progressing cavity pump

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High-viscosity liquids, sludge, media that contain solids – progressing cavity pumps, sometimes also called mono pumps, mohno pumps or moyno pumps, are the right displacement pumps for demanding fluids, also with high gas and solid contents. With their beneficial properties, progressive cavity pumps can also handle many sensitive and challenging liquids: gently, with low pulsation and precisely.

Technical data of our progressing cavity pumps
 

  • Delivery rate up to 1.000 m³/h
  • Delivery head up to 480 m (1,575 ft)
  • Pressures: 48 bar (standard) / 240 bar (high-pressure)
  • Viscosities up to 3.000.000 cSt
  • Temperatures from -20 °C up to +200 °C (-4 °F up to +392 °F)
  • Gas Content up to 95 %
  • Solid Content up to 70 % with particles of 150 mm
  • pH-range:  0 up to 14
  • self-priming (up to 9 mWS)
  • API

Hygienic progressing cavity pump for food, bevarage & pharma industry

More about Hygienic Pumps

Operating principle of progressive cavity pumps

Progressive cavity pumps are among the rotating positive displacement pumps: That is, they handle liquids by conveying them into a conveying chamber first and then displacing them from there. The conveying movement is created by a rotating shaft (in contrast, for example to the reciprocating pump, where the piston moves in a straight line). This shaft, called the rotor, oscillates against a fixed stator. Due to the turning, spiral geometry of the two components, conveying chambers (also called cavities) are created, in which the medium flows from the pump inlet to the pump outlet. While the rotor is made of a very hard material (usually metal, for special applications also ceramic), the stator is elastic and normally made of an elastomer.

The consistency and viscosity of the fluid handled are irrelevant for the flow rate with progressing cavity pumps: The quantity transported is determined only by the speed. Combined with a frequency converter, the pump capacity can be controlled easily and precisely. The possible precision is five to three percent; small dispensers can even achieve one percent.

Funnel pumps with special screw conveyors and so-called bridge breakers are suitable for media containing large amounts of dry material. For optimal product supply, the medium is handled in a conical tamping area with a transport screw. Spoked wheels that act on the medium reliably prevent bridge formation in the pump shaft.

For which liquids are progressive cavity pumps especially well suited?

Because they handle liquids powerfully and gently at the same time, progressive cavity pumps can be used for many liquids for which other pumps are not recommended. They are especially suitable for the following media properties:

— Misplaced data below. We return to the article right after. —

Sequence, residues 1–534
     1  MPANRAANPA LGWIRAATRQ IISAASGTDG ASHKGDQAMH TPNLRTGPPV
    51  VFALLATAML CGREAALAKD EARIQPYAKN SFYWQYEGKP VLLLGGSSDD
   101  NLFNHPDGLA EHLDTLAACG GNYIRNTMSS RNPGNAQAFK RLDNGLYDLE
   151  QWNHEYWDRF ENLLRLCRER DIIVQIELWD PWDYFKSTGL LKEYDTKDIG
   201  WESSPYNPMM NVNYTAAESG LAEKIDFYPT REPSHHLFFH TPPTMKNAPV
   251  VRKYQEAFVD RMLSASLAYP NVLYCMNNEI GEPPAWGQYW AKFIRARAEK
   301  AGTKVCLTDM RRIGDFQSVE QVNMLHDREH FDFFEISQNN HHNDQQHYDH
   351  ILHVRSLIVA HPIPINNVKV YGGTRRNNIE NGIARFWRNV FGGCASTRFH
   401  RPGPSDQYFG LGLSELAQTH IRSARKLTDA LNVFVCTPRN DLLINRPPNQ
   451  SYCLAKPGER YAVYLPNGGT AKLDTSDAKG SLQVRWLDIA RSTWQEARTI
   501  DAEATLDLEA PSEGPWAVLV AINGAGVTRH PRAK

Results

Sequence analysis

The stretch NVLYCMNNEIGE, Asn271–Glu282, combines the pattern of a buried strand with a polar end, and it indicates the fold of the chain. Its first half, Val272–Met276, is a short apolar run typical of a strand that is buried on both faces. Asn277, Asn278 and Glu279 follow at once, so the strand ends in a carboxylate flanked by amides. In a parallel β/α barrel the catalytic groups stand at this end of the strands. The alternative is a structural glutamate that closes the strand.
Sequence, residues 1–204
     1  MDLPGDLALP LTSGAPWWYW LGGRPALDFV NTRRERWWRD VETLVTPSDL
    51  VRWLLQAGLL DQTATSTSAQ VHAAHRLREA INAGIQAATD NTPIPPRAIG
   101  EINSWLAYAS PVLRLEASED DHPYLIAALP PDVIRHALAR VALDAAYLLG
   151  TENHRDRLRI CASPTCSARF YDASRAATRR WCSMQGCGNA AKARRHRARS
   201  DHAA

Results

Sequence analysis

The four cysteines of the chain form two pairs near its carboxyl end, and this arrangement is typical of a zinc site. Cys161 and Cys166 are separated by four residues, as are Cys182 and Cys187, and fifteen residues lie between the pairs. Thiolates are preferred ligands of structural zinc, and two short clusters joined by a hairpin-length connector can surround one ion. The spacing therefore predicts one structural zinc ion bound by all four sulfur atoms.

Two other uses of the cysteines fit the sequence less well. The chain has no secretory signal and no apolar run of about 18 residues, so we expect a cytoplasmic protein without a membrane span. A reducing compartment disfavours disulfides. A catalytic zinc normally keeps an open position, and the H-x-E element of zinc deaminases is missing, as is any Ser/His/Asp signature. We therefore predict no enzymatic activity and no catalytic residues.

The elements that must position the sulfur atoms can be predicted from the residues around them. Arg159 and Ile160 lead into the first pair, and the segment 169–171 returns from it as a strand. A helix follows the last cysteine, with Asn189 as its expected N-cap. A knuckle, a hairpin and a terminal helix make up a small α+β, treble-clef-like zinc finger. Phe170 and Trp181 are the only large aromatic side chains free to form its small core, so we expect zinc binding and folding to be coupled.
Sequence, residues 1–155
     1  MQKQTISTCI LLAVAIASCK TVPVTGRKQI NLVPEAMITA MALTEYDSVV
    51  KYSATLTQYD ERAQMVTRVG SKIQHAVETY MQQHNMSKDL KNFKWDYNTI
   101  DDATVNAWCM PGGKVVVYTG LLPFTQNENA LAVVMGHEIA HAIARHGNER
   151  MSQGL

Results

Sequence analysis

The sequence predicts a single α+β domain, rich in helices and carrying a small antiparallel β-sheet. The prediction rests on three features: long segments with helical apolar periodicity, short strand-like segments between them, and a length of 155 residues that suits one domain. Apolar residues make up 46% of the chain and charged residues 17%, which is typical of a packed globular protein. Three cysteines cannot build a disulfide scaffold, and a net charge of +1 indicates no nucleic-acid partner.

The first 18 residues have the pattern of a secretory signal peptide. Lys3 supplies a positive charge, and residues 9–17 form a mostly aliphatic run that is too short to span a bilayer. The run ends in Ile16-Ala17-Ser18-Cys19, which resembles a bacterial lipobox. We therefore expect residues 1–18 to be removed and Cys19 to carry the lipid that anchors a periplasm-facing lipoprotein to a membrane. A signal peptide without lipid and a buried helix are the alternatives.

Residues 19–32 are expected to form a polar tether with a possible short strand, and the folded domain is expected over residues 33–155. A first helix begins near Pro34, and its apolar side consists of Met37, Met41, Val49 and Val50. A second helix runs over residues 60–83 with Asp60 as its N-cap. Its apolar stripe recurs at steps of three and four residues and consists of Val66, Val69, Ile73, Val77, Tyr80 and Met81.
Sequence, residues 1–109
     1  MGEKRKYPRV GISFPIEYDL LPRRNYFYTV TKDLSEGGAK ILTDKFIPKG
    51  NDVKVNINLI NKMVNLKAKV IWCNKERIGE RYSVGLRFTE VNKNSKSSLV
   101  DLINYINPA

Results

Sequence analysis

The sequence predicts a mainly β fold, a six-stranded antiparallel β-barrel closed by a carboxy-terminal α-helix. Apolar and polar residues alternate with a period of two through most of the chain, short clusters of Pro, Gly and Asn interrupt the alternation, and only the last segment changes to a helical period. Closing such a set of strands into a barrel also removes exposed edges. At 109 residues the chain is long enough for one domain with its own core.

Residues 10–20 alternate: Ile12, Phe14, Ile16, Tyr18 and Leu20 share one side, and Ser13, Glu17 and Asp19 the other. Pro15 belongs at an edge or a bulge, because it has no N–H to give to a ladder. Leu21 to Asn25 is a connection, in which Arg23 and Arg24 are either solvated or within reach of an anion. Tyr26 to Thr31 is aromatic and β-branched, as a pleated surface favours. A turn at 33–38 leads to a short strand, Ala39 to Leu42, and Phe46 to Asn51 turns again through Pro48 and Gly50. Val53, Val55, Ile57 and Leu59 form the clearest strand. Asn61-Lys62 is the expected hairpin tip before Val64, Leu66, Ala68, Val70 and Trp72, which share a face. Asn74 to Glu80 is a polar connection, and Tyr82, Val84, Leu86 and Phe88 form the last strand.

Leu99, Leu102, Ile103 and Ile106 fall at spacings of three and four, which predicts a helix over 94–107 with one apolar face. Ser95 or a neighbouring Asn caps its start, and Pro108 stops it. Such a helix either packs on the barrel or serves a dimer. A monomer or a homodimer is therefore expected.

• abrasive
  • adhesive
  • aggressive (pH 0 to 14)
  • contain solids (up to a grain size of approx. 150 mm) and solid-free
  • low- to high-viscosity (1 mPas to 3 million mPas)
  • thixotropic and dilatant
  • non-lubricating and lubricating
  • shear-sensitive
  • toxic

Media with such properties frequently have to be handled in applications where there are strict hygiene requirements: for example in the production of foodstuffs, beverages, and liquid food or in the pharmaceutical and cosmetic sectors. For such operating environments, there are progressive cavity pumps with special hygienic designs. They comply with all relevant rules for hygienic pumps, they are dead space-free, and can be cleaned reliably (cleaning in place, CIP; and sterilization in place, SIP).

Regardless of the liquid to be handled, progressive cavity pumps provide powerful suction up to 9 mWs and quiet, low-noise running with low pulsation. Their directions of rotation and conveying can be reversed; they can be installed in any position. Operation is normally possible at temperatures from -20 °C to +200 °C.

Benefits of progressive cavity pumps

The conveying principle of progressing cavity pumps provides several advantages:

  • Continuous, low-pulsation handling of even high-viscosity liquids: The even rotation of the rotor avoids sudden pressure changes.
  • Gentle handling of media with a high solid content: There are only low shear forces in the conveying space between rotor and stator.
  • Great dosing precision: Depending on the speed, the pump capacity can be determined exactly for progressive cavity pumps.
  • Easy reversing of the direction and conveying direction
  • High suction capability even with high gas content (up to 9 mWs)
  • Large free ball passage: High permissible diameter for solids prevents clogs
  • Low life-cycle costs thanks to long service life and maintenance intervals

How did progressing cavity pumps come by their name?

They are called progressive cavity pumps because the shaft that transfers the movement of the drive to the rotor eccentrically is shaped like a screw. Therefore, its axis does not correspond to the symmetry axis of the whole pump. Conveying is only possible thanks to this detail: Because the rotor turns against the stator, there are dense conveying spaces into which the liquid is conveyed to the pump outlet. If the drive movement were centered, that is, transferred with reference to the middle point, the rotor would no longer be able to seal against the stator, so the medium inside the pump would not be conveyed.

The progressive cavity pump is sometimes called just the eccentric screw pump. Common also are the names mohno pump, mono pump, and moyno pump. These hark back to the name of the inventory of the progressive cavity pump: René Moineau.

In English, the term “progressive cavity pump” is used most frequently; it refers to the forward movement of the conveying spaces.

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